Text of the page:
• Biometrics not yet ready for banking transactions

    Security expert: Biometrics plays a role in banking and financial institutions — but until 2016 or so, it should be used mostly to add a third security factor to existing chip and PIN systems

  • Precise Biometrics in SEK 2.3 million Middle East deal

    Precise strengthens its already-strong position in Middle Eastern biometric markets by signing a contract to supply its200 MC combined fingerprint and smart card readers to an unnamed government

  • Problems plague worker ID program

    The TWIC program is being rolled out, but long lines at enrollment centers, jammed phones, redundant background checks, and paperwork slow the process down

  • IBM joins Next Generation Identification (NGI) system team

    NGI, the FBI’s new multi-modal, state-of-the-art biometrics system to be used by state, local, and federal authorities, will store fingerprints, palm prints, iris, and facial recognition information; it will accommodate other biometric modalities as they mature

  • Electronic "pets" to tackle identity theft problem

    Forget passwords, PINs, or even biometric security measures; a new, if futuristic, solution is offered for the problem of identity theft: Electronic pets; the pets would recognize their owners’ voiceprint, fingerprints, or walking style; researchers say it will be important for owners to bond with and nourish their electronic pets by playing with them

  • Existence of new basic element for electronic circuits proven

    There are three fundamental elements to electronic circuits: resistor, capacitor, and inductor; nearly forty years ago, Leon Chua of the University of California at Berkeley theorized that there was a fourth element — memristor — which had properties that could not be duplicated by any combination of the other three elements; HP researchers have now proven the existence of memristors; facial recognition biometrics will benefit

  • U.K. government developing London Olympics ID card

    The U.K. will host the 2012 Summer Olympic games, and the government is in the process of developing what it describes as a “pretty inclusive and far-reaching” Olympics accreditation card

  • Facial recognition scans to be deployed in U.K. this summer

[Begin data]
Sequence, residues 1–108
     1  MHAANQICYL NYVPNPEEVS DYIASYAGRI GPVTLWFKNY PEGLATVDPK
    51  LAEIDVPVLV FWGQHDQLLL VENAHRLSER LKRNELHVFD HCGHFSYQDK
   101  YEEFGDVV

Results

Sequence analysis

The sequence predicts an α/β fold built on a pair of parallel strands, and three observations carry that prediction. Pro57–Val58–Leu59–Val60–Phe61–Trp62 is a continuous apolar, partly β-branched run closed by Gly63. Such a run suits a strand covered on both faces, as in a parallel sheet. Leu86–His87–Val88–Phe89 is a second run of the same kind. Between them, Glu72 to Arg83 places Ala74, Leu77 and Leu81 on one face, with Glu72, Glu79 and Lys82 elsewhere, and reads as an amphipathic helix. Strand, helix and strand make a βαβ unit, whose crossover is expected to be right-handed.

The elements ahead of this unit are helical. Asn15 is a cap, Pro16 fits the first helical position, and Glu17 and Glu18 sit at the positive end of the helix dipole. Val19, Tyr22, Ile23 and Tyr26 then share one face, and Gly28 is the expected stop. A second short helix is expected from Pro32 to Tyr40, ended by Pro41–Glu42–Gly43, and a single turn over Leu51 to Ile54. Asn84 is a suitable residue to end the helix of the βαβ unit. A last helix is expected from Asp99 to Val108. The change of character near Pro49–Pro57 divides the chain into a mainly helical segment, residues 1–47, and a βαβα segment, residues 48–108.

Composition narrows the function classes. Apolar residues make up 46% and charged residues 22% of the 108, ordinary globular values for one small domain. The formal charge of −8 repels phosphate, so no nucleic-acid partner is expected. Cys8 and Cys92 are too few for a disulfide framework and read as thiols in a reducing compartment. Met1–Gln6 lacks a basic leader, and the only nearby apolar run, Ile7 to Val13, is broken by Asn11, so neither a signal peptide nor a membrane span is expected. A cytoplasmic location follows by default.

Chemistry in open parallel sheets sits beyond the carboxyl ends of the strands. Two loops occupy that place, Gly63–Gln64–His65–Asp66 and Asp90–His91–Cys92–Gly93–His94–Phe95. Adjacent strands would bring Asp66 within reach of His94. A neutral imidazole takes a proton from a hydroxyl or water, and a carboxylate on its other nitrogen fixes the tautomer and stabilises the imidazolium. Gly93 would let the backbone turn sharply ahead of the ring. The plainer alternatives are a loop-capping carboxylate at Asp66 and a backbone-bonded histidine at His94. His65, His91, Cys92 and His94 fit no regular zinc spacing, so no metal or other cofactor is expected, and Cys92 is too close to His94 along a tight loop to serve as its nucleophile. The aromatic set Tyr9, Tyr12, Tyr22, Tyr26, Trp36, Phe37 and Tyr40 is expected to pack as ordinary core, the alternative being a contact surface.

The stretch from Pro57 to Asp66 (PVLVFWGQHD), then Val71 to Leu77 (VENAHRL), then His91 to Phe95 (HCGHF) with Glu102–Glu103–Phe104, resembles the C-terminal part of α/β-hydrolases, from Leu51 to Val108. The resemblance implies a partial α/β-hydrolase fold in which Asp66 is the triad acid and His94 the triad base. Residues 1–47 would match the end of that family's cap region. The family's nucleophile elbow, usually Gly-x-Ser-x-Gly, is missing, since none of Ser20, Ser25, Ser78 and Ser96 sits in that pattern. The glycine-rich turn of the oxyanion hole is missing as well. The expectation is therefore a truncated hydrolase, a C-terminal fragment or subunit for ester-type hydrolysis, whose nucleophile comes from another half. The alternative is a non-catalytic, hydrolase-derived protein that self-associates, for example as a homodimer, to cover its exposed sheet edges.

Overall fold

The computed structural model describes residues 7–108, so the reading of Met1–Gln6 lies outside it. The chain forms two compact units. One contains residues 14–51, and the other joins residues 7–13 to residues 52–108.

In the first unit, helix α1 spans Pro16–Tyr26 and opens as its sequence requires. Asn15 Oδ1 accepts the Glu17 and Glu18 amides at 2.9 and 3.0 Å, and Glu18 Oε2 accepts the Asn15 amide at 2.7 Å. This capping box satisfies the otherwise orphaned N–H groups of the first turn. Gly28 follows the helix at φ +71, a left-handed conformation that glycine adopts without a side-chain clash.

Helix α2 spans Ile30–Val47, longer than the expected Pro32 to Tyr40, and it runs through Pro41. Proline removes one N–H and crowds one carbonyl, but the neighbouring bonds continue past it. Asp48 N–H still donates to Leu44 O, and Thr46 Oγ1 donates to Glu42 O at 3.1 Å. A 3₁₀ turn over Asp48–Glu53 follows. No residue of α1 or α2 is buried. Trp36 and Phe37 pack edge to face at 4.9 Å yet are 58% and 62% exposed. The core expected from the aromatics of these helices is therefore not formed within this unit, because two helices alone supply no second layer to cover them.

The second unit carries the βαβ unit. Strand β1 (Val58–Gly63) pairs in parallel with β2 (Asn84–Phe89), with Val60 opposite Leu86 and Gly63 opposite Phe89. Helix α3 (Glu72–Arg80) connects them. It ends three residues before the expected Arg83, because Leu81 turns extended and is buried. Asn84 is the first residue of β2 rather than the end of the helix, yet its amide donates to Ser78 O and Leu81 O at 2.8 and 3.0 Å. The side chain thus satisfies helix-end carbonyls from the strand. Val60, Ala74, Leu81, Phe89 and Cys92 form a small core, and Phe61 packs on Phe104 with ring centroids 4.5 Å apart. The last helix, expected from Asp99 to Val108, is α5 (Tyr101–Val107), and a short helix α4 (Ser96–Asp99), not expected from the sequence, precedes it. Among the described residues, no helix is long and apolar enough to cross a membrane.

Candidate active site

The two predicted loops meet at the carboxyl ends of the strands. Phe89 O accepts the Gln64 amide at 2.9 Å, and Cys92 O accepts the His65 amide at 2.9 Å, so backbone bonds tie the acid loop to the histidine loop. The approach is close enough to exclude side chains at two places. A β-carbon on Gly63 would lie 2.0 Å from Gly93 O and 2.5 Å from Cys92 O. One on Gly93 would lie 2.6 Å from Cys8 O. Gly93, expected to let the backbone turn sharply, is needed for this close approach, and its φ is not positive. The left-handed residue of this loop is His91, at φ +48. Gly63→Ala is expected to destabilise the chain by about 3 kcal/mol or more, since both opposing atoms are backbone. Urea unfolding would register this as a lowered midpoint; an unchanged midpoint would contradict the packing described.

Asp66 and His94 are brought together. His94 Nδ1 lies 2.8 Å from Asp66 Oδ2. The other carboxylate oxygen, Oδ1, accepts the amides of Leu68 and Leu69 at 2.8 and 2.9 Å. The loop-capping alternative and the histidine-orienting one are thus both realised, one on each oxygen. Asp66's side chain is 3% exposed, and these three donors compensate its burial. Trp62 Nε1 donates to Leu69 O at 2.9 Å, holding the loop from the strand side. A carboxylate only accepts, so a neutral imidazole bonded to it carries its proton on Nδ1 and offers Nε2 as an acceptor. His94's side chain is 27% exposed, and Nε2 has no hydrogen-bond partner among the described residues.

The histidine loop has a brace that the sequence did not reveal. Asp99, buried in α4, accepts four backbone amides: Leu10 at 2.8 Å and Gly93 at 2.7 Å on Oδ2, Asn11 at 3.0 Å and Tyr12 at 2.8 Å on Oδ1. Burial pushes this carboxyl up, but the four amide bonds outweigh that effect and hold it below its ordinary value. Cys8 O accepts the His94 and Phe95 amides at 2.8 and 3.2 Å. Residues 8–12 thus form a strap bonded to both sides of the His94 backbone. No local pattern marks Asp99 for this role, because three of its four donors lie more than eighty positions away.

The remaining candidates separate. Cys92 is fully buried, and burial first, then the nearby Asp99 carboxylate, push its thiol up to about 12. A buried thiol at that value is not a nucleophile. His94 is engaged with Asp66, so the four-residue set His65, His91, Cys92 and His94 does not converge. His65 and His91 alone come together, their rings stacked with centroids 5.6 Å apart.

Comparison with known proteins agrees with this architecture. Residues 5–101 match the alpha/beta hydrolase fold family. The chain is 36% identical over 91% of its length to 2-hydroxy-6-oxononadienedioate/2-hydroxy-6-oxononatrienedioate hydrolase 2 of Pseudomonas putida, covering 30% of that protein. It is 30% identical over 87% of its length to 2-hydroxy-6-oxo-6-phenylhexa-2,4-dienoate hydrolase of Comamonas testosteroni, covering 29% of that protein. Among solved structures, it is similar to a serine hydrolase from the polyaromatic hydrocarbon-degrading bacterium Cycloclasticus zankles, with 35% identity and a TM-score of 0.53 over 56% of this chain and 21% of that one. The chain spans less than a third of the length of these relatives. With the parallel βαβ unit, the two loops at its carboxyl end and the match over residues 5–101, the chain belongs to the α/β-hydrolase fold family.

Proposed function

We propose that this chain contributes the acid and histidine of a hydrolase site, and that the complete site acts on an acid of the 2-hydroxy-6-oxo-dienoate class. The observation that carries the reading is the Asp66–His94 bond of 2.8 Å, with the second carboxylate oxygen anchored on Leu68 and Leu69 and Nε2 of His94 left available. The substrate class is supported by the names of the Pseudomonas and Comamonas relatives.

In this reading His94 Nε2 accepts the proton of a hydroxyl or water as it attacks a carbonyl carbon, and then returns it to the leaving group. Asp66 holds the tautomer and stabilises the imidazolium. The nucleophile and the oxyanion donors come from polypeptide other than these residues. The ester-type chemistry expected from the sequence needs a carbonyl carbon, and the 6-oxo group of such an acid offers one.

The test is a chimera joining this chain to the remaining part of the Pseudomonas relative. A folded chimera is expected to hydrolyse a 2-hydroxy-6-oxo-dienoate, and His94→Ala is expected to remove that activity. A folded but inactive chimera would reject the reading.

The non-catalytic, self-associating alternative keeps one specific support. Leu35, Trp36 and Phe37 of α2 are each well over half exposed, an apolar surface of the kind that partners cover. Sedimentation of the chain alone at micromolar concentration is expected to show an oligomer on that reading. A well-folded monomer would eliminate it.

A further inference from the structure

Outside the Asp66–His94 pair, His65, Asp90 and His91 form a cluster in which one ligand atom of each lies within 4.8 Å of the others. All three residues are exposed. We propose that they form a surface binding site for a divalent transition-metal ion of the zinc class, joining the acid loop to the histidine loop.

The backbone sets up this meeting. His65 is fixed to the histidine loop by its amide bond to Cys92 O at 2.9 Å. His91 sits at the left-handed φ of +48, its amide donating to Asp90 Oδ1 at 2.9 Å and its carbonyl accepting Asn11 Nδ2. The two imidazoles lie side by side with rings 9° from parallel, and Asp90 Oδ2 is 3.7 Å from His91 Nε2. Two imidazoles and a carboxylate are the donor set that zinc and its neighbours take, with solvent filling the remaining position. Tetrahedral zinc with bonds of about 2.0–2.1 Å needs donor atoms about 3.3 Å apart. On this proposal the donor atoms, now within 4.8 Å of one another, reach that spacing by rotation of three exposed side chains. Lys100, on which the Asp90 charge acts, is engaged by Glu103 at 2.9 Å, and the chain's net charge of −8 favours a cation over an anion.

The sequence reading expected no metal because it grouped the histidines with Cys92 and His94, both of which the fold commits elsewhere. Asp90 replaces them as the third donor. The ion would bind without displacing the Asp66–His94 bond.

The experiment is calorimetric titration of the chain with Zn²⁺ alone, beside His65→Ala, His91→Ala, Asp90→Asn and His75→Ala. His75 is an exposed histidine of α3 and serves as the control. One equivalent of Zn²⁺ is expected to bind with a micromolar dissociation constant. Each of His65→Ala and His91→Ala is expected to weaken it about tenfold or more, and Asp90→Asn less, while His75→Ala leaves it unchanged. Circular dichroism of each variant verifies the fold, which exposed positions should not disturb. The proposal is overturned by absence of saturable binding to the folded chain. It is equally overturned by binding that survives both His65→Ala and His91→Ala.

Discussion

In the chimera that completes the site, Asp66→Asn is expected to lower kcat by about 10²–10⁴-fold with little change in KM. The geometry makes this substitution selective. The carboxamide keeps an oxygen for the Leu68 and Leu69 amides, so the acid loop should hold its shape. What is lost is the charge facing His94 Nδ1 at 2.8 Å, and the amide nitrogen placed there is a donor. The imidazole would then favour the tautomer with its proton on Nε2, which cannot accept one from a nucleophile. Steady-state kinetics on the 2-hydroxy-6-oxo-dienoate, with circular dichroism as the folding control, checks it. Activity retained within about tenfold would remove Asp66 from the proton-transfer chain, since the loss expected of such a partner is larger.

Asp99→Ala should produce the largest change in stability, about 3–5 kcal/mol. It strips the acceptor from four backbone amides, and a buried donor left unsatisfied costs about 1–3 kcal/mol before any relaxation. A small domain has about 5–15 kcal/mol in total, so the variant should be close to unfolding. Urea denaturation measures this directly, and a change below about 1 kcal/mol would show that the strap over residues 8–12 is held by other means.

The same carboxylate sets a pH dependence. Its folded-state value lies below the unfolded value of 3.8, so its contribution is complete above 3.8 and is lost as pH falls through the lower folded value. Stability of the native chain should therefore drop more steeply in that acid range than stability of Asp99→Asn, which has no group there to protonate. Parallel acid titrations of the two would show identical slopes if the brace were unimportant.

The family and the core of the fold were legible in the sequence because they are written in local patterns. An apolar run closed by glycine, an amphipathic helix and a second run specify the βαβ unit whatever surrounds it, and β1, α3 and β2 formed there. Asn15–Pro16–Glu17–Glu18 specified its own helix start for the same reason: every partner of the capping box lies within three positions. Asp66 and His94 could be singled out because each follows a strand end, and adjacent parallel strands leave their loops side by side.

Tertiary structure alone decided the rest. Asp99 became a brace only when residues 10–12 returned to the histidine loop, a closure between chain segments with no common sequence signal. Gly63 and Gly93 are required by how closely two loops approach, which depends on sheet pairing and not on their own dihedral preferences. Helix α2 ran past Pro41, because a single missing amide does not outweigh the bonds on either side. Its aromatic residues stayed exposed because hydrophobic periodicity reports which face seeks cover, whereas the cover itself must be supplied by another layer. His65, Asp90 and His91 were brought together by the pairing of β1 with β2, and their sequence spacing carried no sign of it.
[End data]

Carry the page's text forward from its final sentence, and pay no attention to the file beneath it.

U.K. government plans to deploy facial recognition scanners at U.K. airport this summer; scanner will allow for automatic security checks at gates

  • DHS proposes biometric airport and seaport exit procedures

    Moving to implement one more recommendation of the 9/11 Commission, DHS announces that by 30 June 2009 all visitors leaving the United States will have their biometric details taken and recorded

  • California passes smart-gun law

    Several companies are now working on embedding palm biometrics security mechanism in guns: The gun grip will store the image of the owner’s palm, and the gun will unlock only if the image of the palm holding the gun matches the stored image; California wants this mechanism in all guns sold in the state

  • UK Biometrics offers new finger print reader

    Newcastle-based biometric company introduces its Evolution product; company says Evolution can scan one million records per second

  • Biometric empire building: L-1 Identity Solutions acquires Bioscrypt

    Robert LaPenta’s L-1 has been steadily, methodically pursuing an acquisition campaign which would make the company an identification authentication superpower; latest acquisitions: Bioscrypt and the ID systems business of Digimarc

  • IrisGuard awarded Jordanian bank contract

    Cairo Amman Bank, the fastest growing retail bank in Jordan, will deploy U.K. company’s iris recognition technology in its seventy branches in the Middle East

  • Scholar: More biometrics means more freedom

    Irish scholar researching the history of biometrics and its current uses says that contrary to fears about invasion of privacy, the use of biometrics will lead to enhanced freedom (except for those who try to assume false identities)

  • Behavioral observation program questioned

    TSDA has been training security officers in behavioral observation, then placed them in major U.S. airports to observe passengers and note suspicious behavior; in the past four years, 104,000 passengers were pulled out of line to answer to more serious security measures, but fewer than 700 were arrested – all on criminal, rather than terror, charges; critics are not sure the $45 million annual tab is justified